It’s just to scare the bad guys, really (Torch Song)

It’s June 13, 1998. The top song is “The Boy Is Mine” by Brandy & Monica; Next, Shania Twain, and Mariah Carey also chart. Top at the box office is The Truman Show, a story about a man trapped in a perception of reality he was taught from birth; Can’t Hardly Wait and The Horse Whisperer are also in the top ten.

In the news since last episode, on June 7 James Byrd, Jr was beaten to death by a trio of white supremacists in Jasper, Texas, and the Guinea-Bissau Civil War started; yesterday, France won the World Cup.

“Torch Song” represents an interesting evolution in the DC Animated Universe’s depiction of stalkers. Including this episode, we have had at least three supervillains’ origin stories begin by depicting them as stalkers: the Mad Hatter in “Mad as a Hatter,” Edward Lytener/Luminus in  “Target,” and now Firefly. Laid out this way, there is a distinct progression in the episodes’ choice of focus.

“Mad as a Hatter” centers Tetch’s descent into villainy in a sort of parody of “sympathetic villain” episodes. Tetch is entitled, aggressive, and hateful, but the structure of the episode means that his self-deception that he is a “nice guy” who has been mistreated is centered in the same way that Mr. Freeze’s much more justifiable claims. By contrast, “Target” centers the recurring threat against Lois, making it clear that Lytener’s rationalizations are just that. On the other hand, Lois is placed in peril and rescued by Superman throughout the series, so “Target” comes across as just a sequence of such moments in a life full of them, not a particularly traumatic episode for Lois.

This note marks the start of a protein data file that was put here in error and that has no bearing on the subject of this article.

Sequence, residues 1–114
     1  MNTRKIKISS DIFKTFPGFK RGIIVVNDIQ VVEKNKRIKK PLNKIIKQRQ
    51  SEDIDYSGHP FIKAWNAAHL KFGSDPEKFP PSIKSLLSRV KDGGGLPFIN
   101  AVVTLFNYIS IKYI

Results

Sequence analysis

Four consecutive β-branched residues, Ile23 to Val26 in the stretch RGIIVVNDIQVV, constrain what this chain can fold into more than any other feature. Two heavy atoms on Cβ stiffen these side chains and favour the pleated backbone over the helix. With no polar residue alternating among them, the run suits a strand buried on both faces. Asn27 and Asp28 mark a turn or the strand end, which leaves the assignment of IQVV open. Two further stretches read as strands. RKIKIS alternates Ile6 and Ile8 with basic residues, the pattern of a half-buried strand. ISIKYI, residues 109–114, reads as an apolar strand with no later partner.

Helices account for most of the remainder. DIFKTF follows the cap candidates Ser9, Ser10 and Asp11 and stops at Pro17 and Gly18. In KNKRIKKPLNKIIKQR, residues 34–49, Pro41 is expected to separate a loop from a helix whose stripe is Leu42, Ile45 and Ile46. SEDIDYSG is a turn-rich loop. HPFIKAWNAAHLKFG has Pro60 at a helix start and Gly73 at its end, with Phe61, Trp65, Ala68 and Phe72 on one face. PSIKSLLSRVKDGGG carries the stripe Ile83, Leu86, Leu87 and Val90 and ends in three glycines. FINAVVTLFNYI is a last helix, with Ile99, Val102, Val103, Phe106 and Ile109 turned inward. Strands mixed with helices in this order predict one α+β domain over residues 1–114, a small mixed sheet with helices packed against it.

Not so “Torch Song.” Cassidy is a one-off character who never appears again, so the choice to center her is an unusual one–typically The New Batman Adventures will center a recurring character or villain, but victims-of-the-week almost never get that treatment. The episode thus signposts clearly that it is Cassidy’s experience that is the focus of the story, and Cassidy’s experience is a fascinating one.

An up-and-coming rock star, Cassidy is the picture of performative femininity. She dresses in a way that is as attention-grabbing as Leslie Willis in Livewire, but in the opposite direction: where Leslie wore deliberately shabby clothing–baggy pants and ratty shirts–to emphasize her rejection of social norms around feminine dress and behavior, Cassidy spends most of the episode in a backless black minidress, heels, and long black gloves, essentially eveningwear, but showing a lot of skin for eveningwear. She is presenting herself as formal yet sexual, a “good girl” who can function in polite company but nonetheless is very clearly a physical, sensual presence. She is the essence of the Good Girl Art aesthetic of Bruce Timm just as much as Supergirl is.